An Irishman's Diary


ST NICHOLAS of Myra church in Francis Street, in the centre of Dublin's Liberties, is in some ways no different from many public places today, with its 24-hour closed circuit television and video recording as well as a request to switch off your mobile phone before you go in. But in other ways it is unique, with its richly ornamented interior and its beautifully restored Harry Clarke stained glass window.

As I walked in the door the other day, the choral singing sounded almost too good to be real, and in a sense it was: it was coming from the church's audio system. But it induced a suitably reverential tone in the church, whose building was begun in the year of Catholic Emancipation, 1829, completed in 1834 and finally dedicated in 1854.

There has been a church on this site since at least the 12th century, when a Franciscan monastery stood here; it is indeed part of the most historic area in Dublin. As for St Nicholas of Myra himself, there's a long story attached, that brings in Turkey and includes the claim that he was the original Santa Claus.

The parish itself was also the smallest in Dublin, a little over two hectares. When the Coombe Women's Hospital was in its original location in this immediate area, all the births there were registered in this church. At one time, it was even the parish church for the Isle of Man, so its early registers contain baptismal entries for that island. A Manx emblem can be seen in the ceiling panels. A modern plaque commemorates Very Rev Conleth Curley, parish priest here from 1993 to 2005, the year he died; he is interred in the crypt.

On the other side of the road, at 100 Francis Street, a battered plaque announces that a room in the Myra Hall there was where Frank Duff founded the Legion of Mary on the evening of September 7th, 1921.

Francis Street is steeped in history. Towards the end of the 17th century, many of the houses were the so-called "Dutch Billys", the tall, narrow, gable-fronted houses then so popular in Dublin. By the middle of the 19th century the street was full of small shops, including nearly 20 groceries shops and several dairies. Slightly more exotically, John Doherty, a brogue maker, lived and worked at Number 11, while at Number 46 was Daniel Murphy, a literary teacher.

By 1900 the street had turned into a Liberties slum. No fewer than 45 houses had been turned into multi-occupancy tenements, although one M.M. Maugham, a surgeon, was ensconced at Number 108. By the middle of the 20th century, Francis Street had become more workaday and housed many manufacturers of beds, cabinets, sheet metal and shirts. These have now gone, as have some more recent fixtures, such as the Old Dublin restaurant, which in its heyday was a much-loved place in which to dine on Russian and Scandinavian food.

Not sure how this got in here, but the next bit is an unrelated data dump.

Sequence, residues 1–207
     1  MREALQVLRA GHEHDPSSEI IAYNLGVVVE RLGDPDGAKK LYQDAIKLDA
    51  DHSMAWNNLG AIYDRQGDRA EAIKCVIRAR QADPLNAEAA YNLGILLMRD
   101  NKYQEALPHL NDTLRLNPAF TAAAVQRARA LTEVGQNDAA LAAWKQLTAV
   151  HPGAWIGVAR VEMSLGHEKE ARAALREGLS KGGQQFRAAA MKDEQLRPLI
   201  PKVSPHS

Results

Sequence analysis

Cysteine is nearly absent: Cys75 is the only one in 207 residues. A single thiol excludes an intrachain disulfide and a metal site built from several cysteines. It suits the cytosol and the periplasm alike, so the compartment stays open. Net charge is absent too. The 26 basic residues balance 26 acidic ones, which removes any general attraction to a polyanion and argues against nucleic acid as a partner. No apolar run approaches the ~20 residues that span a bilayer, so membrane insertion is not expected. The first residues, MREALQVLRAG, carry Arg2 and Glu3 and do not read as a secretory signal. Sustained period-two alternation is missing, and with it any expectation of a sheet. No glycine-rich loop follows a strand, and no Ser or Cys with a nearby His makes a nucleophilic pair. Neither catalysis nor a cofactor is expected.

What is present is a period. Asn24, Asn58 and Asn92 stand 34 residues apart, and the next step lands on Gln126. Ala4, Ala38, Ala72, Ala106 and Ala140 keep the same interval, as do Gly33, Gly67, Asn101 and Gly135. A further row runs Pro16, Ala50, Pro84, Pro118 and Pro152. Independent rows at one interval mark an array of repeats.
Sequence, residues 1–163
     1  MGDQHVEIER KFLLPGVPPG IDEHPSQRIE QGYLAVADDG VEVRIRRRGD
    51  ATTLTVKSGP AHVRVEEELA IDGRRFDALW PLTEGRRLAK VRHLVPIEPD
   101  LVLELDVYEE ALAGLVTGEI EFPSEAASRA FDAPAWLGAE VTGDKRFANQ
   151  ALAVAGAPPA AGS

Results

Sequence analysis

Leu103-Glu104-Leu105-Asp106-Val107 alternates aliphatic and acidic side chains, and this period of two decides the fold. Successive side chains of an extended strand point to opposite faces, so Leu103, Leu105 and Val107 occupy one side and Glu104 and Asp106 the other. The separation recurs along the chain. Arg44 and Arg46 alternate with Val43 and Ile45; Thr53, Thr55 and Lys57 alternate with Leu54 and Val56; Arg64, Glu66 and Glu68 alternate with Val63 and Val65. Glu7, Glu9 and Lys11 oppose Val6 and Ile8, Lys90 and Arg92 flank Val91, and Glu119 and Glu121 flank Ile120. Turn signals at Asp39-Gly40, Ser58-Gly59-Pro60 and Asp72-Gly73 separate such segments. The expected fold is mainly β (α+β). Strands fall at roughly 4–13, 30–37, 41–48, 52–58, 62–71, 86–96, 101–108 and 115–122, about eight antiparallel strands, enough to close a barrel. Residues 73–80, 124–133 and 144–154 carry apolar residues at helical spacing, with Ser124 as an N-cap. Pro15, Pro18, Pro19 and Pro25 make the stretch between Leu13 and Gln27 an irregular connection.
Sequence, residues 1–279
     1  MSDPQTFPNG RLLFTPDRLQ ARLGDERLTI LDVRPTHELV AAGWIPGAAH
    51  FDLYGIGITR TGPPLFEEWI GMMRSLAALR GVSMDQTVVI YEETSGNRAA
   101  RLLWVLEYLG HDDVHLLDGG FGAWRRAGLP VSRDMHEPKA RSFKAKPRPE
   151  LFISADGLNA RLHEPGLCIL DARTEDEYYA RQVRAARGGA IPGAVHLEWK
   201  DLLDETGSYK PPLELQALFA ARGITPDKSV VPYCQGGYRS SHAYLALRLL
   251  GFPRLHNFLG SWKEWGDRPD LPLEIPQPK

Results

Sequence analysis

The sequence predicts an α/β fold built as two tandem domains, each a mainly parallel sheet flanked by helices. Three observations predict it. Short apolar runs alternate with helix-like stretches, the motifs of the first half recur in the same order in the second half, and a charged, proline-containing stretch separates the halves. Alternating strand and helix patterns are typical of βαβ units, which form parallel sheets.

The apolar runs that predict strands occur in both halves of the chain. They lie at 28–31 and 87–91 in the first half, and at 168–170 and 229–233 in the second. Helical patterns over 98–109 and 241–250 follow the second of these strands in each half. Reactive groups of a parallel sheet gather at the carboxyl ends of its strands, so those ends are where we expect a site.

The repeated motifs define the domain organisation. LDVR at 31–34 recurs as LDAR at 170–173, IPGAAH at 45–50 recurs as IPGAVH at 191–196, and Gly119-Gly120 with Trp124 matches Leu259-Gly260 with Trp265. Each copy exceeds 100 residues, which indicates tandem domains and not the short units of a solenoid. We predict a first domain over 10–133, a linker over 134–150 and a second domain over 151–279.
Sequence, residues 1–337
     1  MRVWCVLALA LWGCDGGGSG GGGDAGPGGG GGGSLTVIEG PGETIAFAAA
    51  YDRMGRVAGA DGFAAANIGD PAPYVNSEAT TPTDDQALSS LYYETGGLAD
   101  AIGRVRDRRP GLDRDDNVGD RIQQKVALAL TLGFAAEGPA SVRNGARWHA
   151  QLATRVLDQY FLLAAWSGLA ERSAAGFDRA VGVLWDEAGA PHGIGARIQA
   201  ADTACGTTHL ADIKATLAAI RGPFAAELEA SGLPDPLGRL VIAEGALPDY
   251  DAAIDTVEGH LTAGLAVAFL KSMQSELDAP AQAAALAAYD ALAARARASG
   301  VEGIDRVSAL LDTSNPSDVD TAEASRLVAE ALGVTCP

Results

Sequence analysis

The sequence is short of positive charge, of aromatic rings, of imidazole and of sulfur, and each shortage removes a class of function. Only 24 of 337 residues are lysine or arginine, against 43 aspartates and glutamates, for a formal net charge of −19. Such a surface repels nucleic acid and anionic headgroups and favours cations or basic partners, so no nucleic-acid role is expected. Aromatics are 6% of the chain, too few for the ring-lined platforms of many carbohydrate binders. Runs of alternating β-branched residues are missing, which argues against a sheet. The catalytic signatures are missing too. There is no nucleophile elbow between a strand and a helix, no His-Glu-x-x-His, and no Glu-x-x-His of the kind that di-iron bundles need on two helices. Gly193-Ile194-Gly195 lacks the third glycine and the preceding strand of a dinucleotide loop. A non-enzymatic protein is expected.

About 20 years ago, the antiques trade began drifting towards Francis Street from the quays, and today the street has the highest concentration of antique dealers in Ireland. The most spectacular shopfront is that of O'Sullivan Antiques, founded in 1991, close to the church; the shop has a black grand piano hanging off its upper front wall. Some stylish modern shops have opened up, such as those of Michael Connell and Niall Mullen, both opened recently. Other personalities in the trade here include the Johnston brothers, Kevin Jones and Esther Sexton. Several art galleries also have their home in Francis Street.

Up at the top of the street, close to Thomas Street, is the Tivoli Theatre, with O'Reilly's auction rooms, founded in 1948, close by. Also nearby is the MABS (Money Advice and Budgeting Service) centre, for people with pressing financial problems. For despite the upmarket trade of the antique shops, Francis Street remains rooted in the working class realities of life in the Liberties.

Much of the street's future depends on the planned development of the derelict Iveagh Market, which has been closed for just over a decade now. It had been a thriving market since 1906. If elaborate plans work out as intended, the site will become Dublin's equivalent of Covent Garden, complete with a luxury hotel, cafés and restaurants and a myriad of arts and crafts. If that happens, it may lift the down-at-heel air that still pervades much of Francis Street. But gentrification would dispel that air of workaday scruffiness that seems part of the real spirit of the street.